Much of the exploration and stealthy movement in the game is focused around the use of that famous Batman grappling hook. In many areas you can look up, find a gargoyle, (of which there seems to be an inordinate amount for an indoor setting), and zip up. Once you are in the shadows, you can either zip around to another perch, or you can jump and glide using your cape. This adds a fun dimension to combat, as you quickly learn to swoop in to pick off your enemies one at a time. You can also chuck your “Batarang” around to attack, as well as use it to trip switches from afar.
The game makes use of a level-up system that’s based, like many games, on an XP bar that is filled up as you fight. You’ll earn “WayneTech” upgrades to improve your suit and learn new fighting skills. I found the upgrade system to be a bit simplistic, but that is just because of my general disappointment with the combat system.
I enjoyed the problem solving in the game more than the combat. At times, it felt a bit like I was five years old again, just mashing buttons without really understanding what I was doing. The combo system is extensive and many gamers will surely enjoy the depth it adds to combat, but I found it to be something that I never fully learned how to use effectively.
What complicated things for me further was the visual perspective. Rather than use a first person view, you are looking over Batman’s shoulder, which obstructs a lot of your view. If you are playing the game on an iMac, that might not matter, but on my 15″ MBP it made the view feel a bit cramped.
This game isn’t just about progressing through the building knocking out your enemies, (remember, Batman doesn’t kill anyone). You will be presented various tasks whose solutions are not immediately obvious. For example, you might need to free a hostage from an inmate, but first you’ll have to figure out how to sneak up to him. You might need to find how to get into a chamber that is locked. There are countless examples of these types of problems, and you’ll definitely need to think about them like a complex puzzle.
While I preferred the problem solving, it was not without its own issues. You can switch from your standard view to a special detective view. The typically low-lit setting in the building makes it tough to see some clues you are looking for, so detective view lights up everything and gives Batman a heads-up-display (HUD).
With this view, items are highlighted so you can spot them more easily. While this made finding things easier, it sort of made it too easy. In fact, just getting around in the building is easier in this detective view, and I sometimes found myself just running around using it, even when I wasn’t looking for anything.
Saving is done automatically at pre-defined checkpoints. It is great not having to worry about getting far in an area and dying without having remembered to save.
Graphics and Performance
I ran the game on my early 2011 15″ MacBook Pro running Lion with a 2GHz i7 and 4 GB of memory. The game takes up more than 9 GB of space on your drive, so if you are planning on playing this on an Air or anything with a smaller SSD drive, that is worth being aware of.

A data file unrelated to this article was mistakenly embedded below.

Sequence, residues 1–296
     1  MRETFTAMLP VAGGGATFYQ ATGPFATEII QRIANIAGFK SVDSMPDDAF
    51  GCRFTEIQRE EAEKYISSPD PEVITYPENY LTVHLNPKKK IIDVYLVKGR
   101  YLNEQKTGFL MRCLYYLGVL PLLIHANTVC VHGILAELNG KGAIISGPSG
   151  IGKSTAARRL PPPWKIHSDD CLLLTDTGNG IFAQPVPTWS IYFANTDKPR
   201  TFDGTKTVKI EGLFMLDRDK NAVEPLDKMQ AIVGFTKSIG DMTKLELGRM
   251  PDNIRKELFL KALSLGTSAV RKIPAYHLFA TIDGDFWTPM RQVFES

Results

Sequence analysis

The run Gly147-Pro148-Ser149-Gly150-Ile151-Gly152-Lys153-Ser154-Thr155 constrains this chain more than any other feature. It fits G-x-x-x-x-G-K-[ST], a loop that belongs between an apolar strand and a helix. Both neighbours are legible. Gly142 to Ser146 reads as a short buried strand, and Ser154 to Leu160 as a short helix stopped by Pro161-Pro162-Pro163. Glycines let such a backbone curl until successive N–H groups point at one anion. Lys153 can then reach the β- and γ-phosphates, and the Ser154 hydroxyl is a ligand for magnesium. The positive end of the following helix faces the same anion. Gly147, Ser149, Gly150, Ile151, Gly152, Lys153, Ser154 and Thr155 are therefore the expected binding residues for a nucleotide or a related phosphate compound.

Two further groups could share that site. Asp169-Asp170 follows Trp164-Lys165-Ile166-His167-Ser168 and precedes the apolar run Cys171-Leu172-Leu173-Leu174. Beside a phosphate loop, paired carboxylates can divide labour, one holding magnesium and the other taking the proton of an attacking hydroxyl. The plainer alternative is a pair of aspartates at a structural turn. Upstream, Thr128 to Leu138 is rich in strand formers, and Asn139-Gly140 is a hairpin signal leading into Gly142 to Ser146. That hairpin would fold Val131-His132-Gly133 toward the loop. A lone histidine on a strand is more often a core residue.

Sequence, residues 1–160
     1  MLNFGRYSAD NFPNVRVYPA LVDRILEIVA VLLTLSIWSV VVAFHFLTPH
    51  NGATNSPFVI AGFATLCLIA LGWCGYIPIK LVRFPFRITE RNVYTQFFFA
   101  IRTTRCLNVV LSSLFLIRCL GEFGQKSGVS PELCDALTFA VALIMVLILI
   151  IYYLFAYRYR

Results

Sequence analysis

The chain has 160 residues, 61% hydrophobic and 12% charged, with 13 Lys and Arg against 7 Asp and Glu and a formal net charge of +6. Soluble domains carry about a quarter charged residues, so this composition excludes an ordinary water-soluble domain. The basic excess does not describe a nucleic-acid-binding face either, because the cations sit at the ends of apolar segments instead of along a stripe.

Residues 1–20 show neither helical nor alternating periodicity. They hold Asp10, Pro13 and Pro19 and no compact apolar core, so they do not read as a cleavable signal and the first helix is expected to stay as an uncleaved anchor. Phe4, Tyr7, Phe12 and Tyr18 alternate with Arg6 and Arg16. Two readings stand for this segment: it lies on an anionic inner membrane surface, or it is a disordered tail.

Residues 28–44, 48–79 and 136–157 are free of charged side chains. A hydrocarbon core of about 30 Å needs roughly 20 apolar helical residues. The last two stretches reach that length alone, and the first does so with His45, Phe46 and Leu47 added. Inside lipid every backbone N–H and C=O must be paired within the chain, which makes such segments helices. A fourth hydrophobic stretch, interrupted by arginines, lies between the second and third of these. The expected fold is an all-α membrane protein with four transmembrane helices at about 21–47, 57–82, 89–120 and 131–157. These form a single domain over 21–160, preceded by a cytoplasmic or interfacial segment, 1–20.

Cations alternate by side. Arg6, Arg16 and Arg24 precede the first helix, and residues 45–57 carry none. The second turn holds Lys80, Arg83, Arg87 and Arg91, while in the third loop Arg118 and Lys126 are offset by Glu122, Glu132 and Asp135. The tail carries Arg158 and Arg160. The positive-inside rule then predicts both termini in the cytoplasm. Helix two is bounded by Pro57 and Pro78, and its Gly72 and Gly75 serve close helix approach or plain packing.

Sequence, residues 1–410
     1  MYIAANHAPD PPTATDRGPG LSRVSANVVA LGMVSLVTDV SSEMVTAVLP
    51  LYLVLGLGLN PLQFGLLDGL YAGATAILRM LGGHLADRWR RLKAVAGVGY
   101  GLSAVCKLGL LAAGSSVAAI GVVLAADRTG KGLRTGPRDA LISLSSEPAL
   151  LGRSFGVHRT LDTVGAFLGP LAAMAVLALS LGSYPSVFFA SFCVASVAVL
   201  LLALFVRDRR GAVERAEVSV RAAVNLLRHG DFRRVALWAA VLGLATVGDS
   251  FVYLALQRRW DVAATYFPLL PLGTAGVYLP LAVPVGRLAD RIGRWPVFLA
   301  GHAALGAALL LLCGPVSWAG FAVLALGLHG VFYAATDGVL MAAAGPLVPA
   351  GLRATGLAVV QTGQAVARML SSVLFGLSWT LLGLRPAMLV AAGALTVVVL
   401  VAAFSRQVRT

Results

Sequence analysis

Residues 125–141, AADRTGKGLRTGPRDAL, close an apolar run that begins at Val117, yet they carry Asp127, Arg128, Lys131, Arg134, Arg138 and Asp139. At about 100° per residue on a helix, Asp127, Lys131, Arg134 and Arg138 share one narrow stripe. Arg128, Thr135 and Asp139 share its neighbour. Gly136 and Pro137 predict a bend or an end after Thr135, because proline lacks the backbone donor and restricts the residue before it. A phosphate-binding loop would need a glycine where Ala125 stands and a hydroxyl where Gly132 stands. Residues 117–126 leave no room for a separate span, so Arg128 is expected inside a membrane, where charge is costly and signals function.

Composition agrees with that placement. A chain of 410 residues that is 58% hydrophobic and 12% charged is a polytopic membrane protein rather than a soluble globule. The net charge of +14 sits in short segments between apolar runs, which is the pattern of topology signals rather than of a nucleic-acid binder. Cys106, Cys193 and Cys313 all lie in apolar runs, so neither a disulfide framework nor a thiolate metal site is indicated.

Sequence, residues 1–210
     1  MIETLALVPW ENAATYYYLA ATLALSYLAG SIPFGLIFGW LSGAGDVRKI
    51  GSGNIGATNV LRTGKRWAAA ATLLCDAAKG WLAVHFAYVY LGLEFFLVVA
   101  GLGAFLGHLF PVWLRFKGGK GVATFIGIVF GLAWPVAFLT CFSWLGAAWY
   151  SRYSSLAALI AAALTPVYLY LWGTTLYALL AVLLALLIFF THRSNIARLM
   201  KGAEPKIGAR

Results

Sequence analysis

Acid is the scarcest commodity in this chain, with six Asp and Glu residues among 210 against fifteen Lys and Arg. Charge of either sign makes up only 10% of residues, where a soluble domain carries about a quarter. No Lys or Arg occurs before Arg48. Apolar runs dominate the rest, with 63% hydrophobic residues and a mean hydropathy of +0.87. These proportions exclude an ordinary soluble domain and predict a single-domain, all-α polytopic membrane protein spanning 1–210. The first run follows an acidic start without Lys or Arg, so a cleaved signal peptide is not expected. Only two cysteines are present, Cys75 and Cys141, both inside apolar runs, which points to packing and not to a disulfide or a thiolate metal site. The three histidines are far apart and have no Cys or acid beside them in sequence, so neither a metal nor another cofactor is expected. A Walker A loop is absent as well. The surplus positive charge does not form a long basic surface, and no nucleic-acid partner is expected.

Overall, the performance was great. I did have the game freeze up on me once, but considering how many hours I played it, the one freeze was not terrible. The game gives you plenty of power to adjust settings if you find that things get too choppy, but I found the default settings to work just fine. The fans certainly did get spinning to a noticeable speed, but it was not any worse than ripping a DVD in HandBrake.
The nature of Arkham Asylum’s dark setting deserves some mention here. The environment is beautifully dark and creepy, but this can cause problems on Macs that have glossy screens. I found that I had to turn up the brightness on the screen and close the shades if I wanted to see all the detail that was necessary.
As I’ve mentioned, the environments are extremely well-designed, and the characters all have an incredible amount of detail. The characters’ mouths don’t come close to syncing with their voices, but I didn’t find that to be overly distracting. The actors do a decent job with the voices, but the script often borders on being painfully cheesy.
Other Game Modes
Story mode will likely fill up most of your time with Arkham Asylum, but it also offers a few additional game modes. These are unlocked as you progress and find the Riddler’s collectables. The challenges throw you into a situation and force you to fight inmates. Combat-wise, these situations require you to use much of the fighting technique that you have honed in story mode. This means adapting to the situation’s environment and deciding whether to use stealth or just run in swinging your fists.
Like many games today, part of the appeal of these extras is the fun of collecting trophies. Beyond the personal satisfaction of filling up your screen with new trophies, they don’t actually help you in the story mode.
I simply had a blast playing Arkham Asylum. I spent weeks playing it with the lights off and the volume up, soaking in the well-designed environment as I explored the island. The flow of the game stays consistently exciting, and the designers manage to stuff the game with tons of great characters.
The game was challenging enough for me that I died several times, but not so hard that I got frustrated. You can always adjust the difficulty if you feel overwhelmed or if the game is too easy, but I found the default setting was perfect for me. I did have to consult an online walkthrough at one point when I got stuck, but found out that what I was missing was in front of me all along but I just couldn’t see if because of some glare.
My only complaint was something that many people will disagree with me about: the combat system. Arkham Asylum’s form of attacks felt a bit too unsophisticated at times, as I simply ended up clicking around at a crowd of enemies until they all had keeled over. As the enemies become more challenging, (such as when they begin wielding firearms), I began to use stealth more effectively and immediately started enjoying the challenge more.